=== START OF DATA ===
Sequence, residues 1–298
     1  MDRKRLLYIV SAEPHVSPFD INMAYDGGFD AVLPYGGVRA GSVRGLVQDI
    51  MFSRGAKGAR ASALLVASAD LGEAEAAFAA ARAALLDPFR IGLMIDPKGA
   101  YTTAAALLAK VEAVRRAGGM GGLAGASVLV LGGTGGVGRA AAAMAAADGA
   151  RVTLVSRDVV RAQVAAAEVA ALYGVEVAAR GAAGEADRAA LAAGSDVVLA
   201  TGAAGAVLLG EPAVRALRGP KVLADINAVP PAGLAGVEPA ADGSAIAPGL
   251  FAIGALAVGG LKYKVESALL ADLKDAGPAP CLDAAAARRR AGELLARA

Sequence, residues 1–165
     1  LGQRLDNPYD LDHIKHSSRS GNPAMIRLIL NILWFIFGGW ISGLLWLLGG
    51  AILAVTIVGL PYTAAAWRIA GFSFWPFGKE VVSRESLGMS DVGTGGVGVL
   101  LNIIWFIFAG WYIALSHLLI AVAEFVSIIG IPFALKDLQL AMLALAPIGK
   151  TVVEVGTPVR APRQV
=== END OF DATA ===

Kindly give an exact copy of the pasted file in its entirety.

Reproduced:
Sequence, residues 1–298
     1  MDRKRLLYIV SAEPHVSPFD INMAYDGGFD AVLPYGGVRA GSVRGLVQDI
    51  MFSRGAKGAR ASALLVASAD LGEAEAAFAA ARAALLDPFR IGLMIDPKGA
   101  YTTAAALLAK VEAVRRAGGM GGLAGASVLV LGGTGGVGRA AAAMAAADGA
   151  RVTLVSRDVV RAQVAAAEVA ALYGVEVAAR GAAGEADRAA LAAGSDVVLA
   201  TGAAGAVLLG EPAVRALRGP KVLADINAVP PAGLAGVEPA ADGSAIAPGL
   251  FAIGALAVGG LKYKVESALL ADLKDAGPAP CLDAAAARRR AGELLARA

Sequence, residues 1–165
     1  LGQRLDNPYD LDHIKHSSRS GNPAMIRLIL NILWFIFGGW ISGLLWLLGG
    51  AILAVTIVGL PYTAAAWRIA GFSFWPFGKE VVSRESLGMS DVGTGGVGVL
   101  LNIIWFIFAG WYIALSHLLI AVAEFVSIIG IPFALKDLQL AMLALAPIGK
   151  TVVEVGTPVR APRQV